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Study: Uruguay’s Strong Policies Produced Unprecedented Smoking Declines

Setting an example for the world

Posted by: Editor | Sep 18, 2012

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Uruguay has some of the world’s strongest laws to fight tobacco use, and a new study published in The Lancet medical journal shows the nation’s efforts have dramatically reduced smoking.

Since 2005, Uruguay has implemented a series of strong measures to reduce tobacco use.  These include a comprehensive law requiring smoke-free workplaces and public places, a ban on tobacco advertising, promotion and sponsorships (except at the point of sale), and several tobacco tax increases.

In 2010, Uruguay implemented the world’s largest graphic warning labels, which cover 80 percent of the front and back of cigarette packs. To prevent tobacco companies from using packaging and labeling to falsely market some cigarettes as less harmful, Uruguay also banned deceptive cigarette labels such as “light” and “low-tar” and became the first country to limit each cigarette brand to one pack design.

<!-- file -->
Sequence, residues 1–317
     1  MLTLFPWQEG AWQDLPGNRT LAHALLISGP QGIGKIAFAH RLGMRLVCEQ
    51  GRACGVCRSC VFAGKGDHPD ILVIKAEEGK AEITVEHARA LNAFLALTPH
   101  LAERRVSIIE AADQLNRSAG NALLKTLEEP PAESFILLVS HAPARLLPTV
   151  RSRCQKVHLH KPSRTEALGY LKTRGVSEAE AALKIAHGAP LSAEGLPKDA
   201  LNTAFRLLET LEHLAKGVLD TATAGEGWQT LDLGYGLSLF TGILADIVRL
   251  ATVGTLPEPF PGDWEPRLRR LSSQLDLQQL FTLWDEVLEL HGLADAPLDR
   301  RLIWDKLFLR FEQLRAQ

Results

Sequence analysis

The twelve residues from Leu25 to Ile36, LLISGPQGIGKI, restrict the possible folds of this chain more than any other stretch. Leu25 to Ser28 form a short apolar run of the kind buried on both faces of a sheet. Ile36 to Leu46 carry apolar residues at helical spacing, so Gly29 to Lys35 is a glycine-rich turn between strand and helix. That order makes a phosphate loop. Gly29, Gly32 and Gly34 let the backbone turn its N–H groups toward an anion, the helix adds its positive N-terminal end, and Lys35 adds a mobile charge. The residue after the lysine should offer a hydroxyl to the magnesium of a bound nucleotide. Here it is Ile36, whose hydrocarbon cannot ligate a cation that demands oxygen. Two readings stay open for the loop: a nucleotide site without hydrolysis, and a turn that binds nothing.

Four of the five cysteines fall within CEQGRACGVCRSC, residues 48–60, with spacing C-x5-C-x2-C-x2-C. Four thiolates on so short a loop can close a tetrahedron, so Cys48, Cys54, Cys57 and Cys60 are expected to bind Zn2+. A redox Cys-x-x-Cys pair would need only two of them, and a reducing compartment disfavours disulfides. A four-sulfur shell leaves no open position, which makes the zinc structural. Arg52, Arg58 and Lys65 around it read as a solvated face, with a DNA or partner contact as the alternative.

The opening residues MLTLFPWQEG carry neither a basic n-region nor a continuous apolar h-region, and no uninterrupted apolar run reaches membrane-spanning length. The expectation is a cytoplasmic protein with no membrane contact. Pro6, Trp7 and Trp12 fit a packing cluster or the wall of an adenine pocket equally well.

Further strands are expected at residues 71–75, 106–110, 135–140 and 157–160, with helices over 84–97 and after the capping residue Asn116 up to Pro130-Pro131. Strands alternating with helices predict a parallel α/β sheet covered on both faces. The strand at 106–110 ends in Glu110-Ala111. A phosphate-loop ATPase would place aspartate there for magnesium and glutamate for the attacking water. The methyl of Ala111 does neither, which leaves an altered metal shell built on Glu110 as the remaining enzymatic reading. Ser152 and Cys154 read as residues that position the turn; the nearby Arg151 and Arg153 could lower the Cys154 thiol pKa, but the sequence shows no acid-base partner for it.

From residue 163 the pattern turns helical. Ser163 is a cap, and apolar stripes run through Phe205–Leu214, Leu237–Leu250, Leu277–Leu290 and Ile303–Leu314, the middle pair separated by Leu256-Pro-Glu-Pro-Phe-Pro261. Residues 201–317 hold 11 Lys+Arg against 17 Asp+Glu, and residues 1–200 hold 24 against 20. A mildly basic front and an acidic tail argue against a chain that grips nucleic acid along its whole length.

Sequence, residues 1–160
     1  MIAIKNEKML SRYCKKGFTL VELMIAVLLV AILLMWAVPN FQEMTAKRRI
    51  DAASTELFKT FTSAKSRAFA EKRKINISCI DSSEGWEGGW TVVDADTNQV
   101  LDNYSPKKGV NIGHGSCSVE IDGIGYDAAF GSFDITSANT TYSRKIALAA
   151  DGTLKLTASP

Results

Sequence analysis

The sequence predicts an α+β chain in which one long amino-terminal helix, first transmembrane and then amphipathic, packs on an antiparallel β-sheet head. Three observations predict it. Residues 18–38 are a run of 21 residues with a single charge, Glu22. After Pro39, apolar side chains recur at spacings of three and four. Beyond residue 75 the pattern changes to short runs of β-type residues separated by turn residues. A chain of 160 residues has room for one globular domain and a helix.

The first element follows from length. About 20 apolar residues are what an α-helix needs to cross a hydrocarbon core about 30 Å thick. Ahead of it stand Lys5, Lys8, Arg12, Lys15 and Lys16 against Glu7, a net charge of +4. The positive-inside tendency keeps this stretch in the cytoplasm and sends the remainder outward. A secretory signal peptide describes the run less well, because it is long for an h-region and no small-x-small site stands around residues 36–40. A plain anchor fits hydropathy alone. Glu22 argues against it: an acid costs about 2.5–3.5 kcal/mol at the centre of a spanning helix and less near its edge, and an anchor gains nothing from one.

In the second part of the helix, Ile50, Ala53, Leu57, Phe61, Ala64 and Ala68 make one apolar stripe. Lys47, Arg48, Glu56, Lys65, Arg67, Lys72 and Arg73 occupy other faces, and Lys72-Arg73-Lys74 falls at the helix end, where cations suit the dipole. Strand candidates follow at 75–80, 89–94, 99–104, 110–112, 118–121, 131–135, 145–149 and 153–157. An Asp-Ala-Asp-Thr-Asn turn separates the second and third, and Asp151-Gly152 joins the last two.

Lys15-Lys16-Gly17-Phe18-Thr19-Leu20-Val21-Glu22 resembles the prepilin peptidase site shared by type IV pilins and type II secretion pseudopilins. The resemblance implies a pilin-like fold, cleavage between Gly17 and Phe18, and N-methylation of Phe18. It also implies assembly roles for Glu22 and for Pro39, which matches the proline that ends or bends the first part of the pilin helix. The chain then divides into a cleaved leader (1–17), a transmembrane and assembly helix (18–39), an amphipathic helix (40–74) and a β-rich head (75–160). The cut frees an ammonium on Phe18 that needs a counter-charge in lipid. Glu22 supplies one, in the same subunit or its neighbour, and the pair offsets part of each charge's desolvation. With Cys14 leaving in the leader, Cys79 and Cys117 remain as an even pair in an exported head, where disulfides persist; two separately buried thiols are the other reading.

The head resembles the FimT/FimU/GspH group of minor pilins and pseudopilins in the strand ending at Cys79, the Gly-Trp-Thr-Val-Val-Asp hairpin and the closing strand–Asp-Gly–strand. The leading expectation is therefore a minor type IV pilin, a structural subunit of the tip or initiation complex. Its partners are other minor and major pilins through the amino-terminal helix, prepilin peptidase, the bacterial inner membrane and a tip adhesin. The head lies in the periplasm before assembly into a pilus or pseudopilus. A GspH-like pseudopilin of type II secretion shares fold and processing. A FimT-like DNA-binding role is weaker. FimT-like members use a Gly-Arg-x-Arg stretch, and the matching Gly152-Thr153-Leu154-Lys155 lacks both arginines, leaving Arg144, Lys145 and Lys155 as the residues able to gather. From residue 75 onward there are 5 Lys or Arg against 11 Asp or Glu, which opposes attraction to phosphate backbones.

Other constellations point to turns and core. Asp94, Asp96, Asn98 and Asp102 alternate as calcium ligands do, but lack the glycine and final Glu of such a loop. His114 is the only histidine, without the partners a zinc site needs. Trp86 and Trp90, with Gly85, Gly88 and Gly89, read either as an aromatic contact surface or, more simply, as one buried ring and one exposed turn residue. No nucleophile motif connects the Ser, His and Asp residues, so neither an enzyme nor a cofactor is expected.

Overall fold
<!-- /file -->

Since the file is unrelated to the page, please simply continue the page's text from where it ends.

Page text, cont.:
To assess the impact of these measures, the Lancet study compared trends in tobacco use in Uruguay to those in neighboring Argentina, which at the time had not implemented such extensive tobacco control measures.  It found far greater progress in Uruguay:

  • From 2005 to 2011, per-person consumption of cigarettes decreased by 4.3 percent per year in Uruguay, while increasing by 0.6 percent per year in Argentina.
  • From 2005 to 2011, the adult smoking rate in Uruguay fell by 3.3 percent a year, compared to a 1.7 percent annual decrease in Argentina.
  • From 2003 to 2009, rates of tobacco use among Uruguayan students aged 13, 15 and 17 decreased by 8 percent a year, compared to a decrease of 2.5 percent annually among Argentinean students from 2001 to 2009.

The study’s conclusion: “Uruguay’s comprehensive tobacco-control campaign has been associated with a substantial, unprecedented decrease in tobacco use.  Decreases in tobacco use in other low-income and middle-income countries of the magnitude seen in Uruguay would have a substantial effect on the future global burden of tobacco-related diseases.”

Given Uruguay’s success, it isn’t surprising that Philip Morris International (PMI) has filed a legal challenge to the country’s warning labels and packaging restrictions.  The tobacco giant is seeking to bully Uruguay into backing down and discourage other countries from following its lead.  It’s critical that other countries support Uruguay’s right to protect the health of its citizens and join in enacting strong measures to reduce tobacco use.

Uruguay is pointing the way to combating a tobacco epidemic that will otherwise kill one billion people worldwide this century.

 

 

 

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